I have spent my career as a youth worker in residential and community settings, an administrator of community mental health centers, and an educator. But, basically, I’ve been an organizer of people seeking a better story – more robust and dynamic theories combined with powerful group processes for solving problems in ways that nourish life. I’ve been immersed in relevant disruptions to change the world.
Coming of Age the Rite Way begins:
“In his book Change the Story, Change the Future (2015), David Korten writes, ‘When we get our story wrong, we get our future wrong’. If children are indeed our future, then the stories about how we educate and help them come of age are the most important stories we need to get right. When we get that story wrong our future will certainly be wrong. Our present reality is the future produced by yesterday’s story of how we educated and helped our children come of age, (1).
“What if we have gotten our story wrong, as Korten suggests, and are continually getting the story about our children wrong, too? It is important not only to recognize what is wrong with the story but also to understand that only when we change the story and engage our children in the story’s unfolding will we really be able to change and transform the future, (7).
“Even when you do get the story right, as in the case of Galileo Galilei, who was the first to observe and put forth that the sun and not the earth was the center of our solar system, you could be ignored and, in his case, persecuted and arrested. But, even stories like the “Great Turning” have not given us a roadmap for changing our trajectory towards creating a world that works for all, (8).”
Changing the Trajectory – Reorienting Our Planet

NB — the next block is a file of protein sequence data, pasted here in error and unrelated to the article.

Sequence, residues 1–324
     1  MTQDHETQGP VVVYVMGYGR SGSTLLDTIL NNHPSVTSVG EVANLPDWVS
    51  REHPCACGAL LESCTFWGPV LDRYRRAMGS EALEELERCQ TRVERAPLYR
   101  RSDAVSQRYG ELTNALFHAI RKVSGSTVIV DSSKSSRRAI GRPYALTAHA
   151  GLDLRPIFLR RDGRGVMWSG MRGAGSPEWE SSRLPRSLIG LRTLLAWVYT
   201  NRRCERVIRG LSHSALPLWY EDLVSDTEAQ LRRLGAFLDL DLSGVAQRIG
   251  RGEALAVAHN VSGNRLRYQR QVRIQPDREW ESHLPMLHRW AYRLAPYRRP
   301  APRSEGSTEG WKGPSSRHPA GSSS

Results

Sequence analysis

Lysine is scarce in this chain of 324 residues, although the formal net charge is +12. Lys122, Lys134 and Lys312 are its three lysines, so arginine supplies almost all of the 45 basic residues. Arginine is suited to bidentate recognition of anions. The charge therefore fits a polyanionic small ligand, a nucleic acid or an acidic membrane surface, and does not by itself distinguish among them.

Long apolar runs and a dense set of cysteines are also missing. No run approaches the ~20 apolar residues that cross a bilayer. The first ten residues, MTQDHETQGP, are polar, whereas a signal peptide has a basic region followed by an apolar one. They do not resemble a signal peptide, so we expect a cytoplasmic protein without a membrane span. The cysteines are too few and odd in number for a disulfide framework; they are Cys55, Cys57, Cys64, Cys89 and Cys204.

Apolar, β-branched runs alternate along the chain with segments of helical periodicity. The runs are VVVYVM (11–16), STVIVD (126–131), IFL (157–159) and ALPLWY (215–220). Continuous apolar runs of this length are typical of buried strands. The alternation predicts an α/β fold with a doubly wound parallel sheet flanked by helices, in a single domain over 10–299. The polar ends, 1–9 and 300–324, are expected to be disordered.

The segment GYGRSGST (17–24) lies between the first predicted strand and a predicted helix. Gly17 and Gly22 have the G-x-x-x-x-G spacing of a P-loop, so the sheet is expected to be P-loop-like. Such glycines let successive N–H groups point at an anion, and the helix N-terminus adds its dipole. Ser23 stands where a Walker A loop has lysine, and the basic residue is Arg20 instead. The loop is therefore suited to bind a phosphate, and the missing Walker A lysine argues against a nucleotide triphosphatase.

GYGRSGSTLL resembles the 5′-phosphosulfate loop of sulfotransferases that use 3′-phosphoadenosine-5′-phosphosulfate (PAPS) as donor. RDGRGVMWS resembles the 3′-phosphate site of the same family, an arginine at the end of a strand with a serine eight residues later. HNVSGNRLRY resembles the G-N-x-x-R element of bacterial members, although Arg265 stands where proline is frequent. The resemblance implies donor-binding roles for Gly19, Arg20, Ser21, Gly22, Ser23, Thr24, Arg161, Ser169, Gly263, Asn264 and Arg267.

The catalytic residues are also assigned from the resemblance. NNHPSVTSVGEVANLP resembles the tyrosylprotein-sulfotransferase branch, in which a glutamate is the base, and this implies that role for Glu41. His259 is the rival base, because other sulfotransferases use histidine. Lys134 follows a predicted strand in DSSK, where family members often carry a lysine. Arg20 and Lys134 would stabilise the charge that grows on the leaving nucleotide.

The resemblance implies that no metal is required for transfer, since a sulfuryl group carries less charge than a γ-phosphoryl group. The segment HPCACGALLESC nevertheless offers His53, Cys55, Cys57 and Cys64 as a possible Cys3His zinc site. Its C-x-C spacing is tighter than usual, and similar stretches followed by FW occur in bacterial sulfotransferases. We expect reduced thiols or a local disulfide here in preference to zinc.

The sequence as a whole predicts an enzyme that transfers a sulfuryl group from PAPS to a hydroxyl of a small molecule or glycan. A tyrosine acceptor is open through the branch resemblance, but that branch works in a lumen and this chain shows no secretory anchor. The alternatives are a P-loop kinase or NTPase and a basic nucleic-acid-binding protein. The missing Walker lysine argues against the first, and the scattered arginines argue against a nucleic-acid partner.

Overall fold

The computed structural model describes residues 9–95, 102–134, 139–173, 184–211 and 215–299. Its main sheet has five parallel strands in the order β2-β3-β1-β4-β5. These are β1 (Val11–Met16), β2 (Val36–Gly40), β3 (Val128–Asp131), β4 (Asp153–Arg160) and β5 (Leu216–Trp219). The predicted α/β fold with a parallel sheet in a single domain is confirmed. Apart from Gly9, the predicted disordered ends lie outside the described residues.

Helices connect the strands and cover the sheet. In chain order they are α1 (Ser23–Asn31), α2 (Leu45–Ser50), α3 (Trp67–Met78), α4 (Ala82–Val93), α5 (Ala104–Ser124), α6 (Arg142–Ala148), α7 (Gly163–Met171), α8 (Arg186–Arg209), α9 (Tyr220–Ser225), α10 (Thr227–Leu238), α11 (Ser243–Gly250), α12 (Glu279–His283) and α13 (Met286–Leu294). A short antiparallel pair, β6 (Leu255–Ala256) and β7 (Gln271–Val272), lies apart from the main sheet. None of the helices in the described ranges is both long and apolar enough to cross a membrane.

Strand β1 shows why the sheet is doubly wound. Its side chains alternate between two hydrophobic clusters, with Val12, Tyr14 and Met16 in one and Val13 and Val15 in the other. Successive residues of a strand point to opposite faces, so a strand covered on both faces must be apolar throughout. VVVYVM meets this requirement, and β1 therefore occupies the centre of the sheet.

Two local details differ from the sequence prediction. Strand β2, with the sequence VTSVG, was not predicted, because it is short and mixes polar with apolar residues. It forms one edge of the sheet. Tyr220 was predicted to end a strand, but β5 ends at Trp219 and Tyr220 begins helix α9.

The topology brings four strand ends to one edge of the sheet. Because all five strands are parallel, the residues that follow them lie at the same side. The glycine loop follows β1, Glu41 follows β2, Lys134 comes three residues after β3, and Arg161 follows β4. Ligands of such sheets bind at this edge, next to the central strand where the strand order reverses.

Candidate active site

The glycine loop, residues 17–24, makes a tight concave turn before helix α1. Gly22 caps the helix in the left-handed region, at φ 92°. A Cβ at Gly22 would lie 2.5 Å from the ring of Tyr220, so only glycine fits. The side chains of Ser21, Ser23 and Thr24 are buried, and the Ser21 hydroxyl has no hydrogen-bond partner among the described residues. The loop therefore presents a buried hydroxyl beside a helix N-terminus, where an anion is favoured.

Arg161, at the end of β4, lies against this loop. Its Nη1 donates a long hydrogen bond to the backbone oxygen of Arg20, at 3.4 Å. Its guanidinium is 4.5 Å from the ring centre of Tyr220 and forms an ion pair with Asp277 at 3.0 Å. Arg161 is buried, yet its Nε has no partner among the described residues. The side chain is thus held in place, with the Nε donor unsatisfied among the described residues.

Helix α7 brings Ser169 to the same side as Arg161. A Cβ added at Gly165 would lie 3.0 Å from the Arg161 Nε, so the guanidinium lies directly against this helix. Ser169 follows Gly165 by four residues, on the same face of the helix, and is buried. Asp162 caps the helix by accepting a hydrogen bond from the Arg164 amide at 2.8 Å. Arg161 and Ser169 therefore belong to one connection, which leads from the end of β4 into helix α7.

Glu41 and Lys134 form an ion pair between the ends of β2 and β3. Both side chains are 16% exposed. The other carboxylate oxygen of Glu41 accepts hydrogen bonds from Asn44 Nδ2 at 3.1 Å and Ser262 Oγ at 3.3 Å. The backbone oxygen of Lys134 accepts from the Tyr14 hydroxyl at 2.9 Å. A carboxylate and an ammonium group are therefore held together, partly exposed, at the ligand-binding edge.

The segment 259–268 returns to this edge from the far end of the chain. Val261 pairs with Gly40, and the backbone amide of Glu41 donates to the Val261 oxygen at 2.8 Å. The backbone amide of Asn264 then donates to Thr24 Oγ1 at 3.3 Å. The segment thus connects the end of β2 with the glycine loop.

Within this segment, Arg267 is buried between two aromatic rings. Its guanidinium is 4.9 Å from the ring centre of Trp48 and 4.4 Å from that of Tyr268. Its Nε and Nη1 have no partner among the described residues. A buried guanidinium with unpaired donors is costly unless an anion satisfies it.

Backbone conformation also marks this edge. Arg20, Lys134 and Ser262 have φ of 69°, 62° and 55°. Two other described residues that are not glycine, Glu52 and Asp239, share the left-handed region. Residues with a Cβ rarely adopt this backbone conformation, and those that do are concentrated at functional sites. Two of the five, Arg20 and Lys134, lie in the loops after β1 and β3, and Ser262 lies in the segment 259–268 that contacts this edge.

“To read this book is to experience an awakening. It provides tools and understanding to take action in changing this story—through restoring and innovating the rites of passage that our youth and communities so urgently need. It also inspires us to imagine new possibilities in emergent design for co-creating the narratives and rites that are needed to change our trajectory and reorient our planet toward balance, responsibility, and well being. A must-read for parents, teachers and all those working for social change.”
Joanna Cea & Jess Rimington, Visiting Scholars, Stanford University Global Projects Center
Crossing Thresholds & Taking Risks the Rite Way:
“This is not your typical academic book devoid of the author’s personal story.
While reluctant to cross this boundary between the personal and professional, the entire region of initiation is about thresholds and crossing boundaries. I recognize sharing personal stories lies outside of standard scholarship, but as written previously, stories and not data or statistics can convey the essence and true meaning of complex human phenomena. This is especially true with initiation, rites of passage, and a psychological sense of community. Initiation, crossing thresholds, is about taking risks, breaking out of old and traditional ways of thinking; and doing that leads to breakthroughs,” (13)